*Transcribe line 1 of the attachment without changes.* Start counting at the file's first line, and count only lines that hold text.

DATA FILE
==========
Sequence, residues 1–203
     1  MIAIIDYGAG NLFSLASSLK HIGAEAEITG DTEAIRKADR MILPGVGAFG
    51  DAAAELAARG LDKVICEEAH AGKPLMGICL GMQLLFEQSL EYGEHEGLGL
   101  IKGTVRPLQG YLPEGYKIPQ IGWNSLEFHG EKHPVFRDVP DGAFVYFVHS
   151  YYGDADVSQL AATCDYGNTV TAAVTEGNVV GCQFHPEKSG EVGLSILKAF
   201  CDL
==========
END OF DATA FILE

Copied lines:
Sequence, residues 1–203